A St. Louis County judge declared a provision of Ellisville's city charter governing the recall of public officials unconstitutional, upholding the argument that came in a lawsuit filed by the city's former mayor last week.
Ellisville councilman and former Mayor Matt Pirrello filed the suit on Aug. 27 against the city and five residents, challenging a recall petition brought by the residents.
In his ruling on Wednesday, Presiding St. Louis County Judge Thomas Prebil deemed the recall language of Article 9 in Ellisville's City Charter unconstitutional and, Pirrello said, issued a permanent injunction preventing any recall activity in Ellisville.
The recall efforts emerged after decisions on a pending Walmart development and involved Tax Increment Financing (TIF). Residents opposing the development formed the Article 9 Alliance to arrange the recall of five council members who had voted in favor of the Walmart TIF: Pirrello, Roze Acup, Dawn Anglin, Troy Piper and Linda Reel.
The argument against Article 9 in Pirrello's suit is the lack of specific reasoning for a recall. The suit called the language illegal "because the recall petition blank...does not provide for or permit the specification of cause for the removal of Ellisville's elected officials," as Patch .
Ellisville City Attorney Paul Martin, representing the city in the case, said in an STLtoday article that Article 9 was "not defensible," adding that "his obligation to defend the city's charter was outweighed by the constitution."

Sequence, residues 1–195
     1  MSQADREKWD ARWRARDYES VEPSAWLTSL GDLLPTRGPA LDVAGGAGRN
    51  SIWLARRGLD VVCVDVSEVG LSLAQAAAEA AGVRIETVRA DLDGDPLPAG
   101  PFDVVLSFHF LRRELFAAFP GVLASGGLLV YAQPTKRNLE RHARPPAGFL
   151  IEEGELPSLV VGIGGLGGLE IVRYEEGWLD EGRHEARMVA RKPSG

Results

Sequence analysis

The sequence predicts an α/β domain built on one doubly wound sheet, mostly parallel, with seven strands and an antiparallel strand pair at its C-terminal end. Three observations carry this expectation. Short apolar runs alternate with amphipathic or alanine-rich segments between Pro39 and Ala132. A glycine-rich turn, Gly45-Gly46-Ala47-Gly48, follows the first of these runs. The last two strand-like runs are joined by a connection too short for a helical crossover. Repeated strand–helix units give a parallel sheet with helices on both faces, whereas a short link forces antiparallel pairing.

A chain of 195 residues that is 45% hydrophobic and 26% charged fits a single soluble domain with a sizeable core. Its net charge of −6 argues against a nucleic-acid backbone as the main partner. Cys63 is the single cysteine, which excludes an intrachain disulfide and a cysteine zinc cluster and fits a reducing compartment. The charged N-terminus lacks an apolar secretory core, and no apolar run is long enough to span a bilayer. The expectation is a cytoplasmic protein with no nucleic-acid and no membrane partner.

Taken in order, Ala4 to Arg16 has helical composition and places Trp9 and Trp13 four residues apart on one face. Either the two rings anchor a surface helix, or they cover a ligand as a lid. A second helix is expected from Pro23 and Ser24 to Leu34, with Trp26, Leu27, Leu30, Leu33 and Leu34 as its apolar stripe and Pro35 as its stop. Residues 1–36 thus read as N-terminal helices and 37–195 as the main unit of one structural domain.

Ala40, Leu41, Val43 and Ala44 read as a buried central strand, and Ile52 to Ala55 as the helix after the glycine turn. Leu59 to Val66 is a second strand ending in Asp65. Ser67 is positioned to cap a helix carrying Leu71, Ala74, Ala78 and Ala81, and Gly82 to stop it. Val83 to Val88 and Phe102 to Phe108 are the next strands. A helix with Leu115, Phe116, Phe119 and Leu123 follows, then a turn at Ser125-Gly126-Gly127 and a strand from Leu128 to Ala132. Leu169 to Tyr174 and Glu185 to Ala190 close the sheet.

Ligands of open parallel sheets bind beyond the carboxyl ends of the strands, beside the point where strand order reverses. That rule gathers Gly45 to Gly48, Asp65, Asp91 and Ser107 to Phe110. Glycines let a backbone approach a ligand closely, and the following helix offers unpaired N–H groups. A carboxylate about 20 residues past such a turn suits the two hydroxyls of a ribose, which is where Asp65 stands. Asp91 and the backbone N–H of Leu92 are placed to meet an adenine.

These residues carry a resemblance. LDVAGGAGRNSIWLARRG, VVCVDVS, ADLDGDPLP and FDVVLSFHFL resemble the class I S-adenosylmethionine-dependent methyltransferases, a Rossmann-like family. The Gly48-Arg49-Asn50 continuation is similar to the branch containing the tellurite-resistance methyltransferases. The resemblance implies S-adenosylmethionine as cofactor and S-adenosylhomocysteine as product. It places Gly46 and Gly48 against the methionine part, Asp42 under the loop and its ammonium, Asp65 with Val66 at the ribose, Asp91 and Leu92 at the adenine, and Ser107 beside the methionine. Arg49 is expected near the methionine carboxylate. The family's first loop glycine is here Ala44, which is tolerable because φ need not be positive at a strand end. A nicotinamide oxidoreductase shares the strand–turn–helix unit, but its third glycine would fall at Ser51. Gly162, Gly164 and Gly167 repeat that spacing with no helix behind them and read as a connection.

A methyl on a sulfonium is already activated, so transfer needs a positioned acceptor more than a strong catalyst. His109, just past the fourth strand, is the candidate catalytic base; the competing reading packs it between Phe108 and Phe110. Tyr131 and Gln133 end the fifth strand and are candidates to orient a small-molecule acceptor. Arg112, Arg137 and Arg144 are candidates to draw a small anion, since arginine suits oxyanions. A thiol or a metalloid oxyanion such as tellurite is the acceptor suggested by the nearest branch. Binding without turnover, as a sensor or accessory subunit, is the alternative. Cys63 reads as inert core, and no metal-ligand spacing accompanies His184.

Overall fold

Martin told Patch, "The Missouri Constitution is very clear. If you’re going to remove a public official, you have to do it with cause. Article 9 doesn’t have any cause."
In addition to the City of Ellisville, Missouri Attorney General Chris Koster was named as a defendant as well as five residents who had been petitioning for the recall of council members.
The five residents named as defendants — Julia Dolan, Mary Ann Dust, Sandra McGrath, Vincent McGrath and Patti Murphy — were dismissed from the case.
The suit referred to the Missouri Constitution (Art. 7, Sect. 4) which states "elected officials who are not subject to impeachment 'shall be subject to removal from office in the manner and for the causes provided by law.'"
Pirrello said any recall action would be defined by a vote by the people.
"This is not a win for me and I don’t have animosity toward the people that followed the City Charter provision," Pirrello told Patch in an email. "The City Charter was wrong and now it can be made right."
Following , the addition of which would have been on the November ballot, Pirrello said he "was forced to place it in the hands of the court" and filed suit last week.
"If recall had never been used as a threat to influence votes I never would have considered challenging the constitutionality," Pirrello told Patch in an email. "I planned to file regardless of being an elected official targeted for recall without cause."
Updated: Sept. 5 at 3:25 p.m.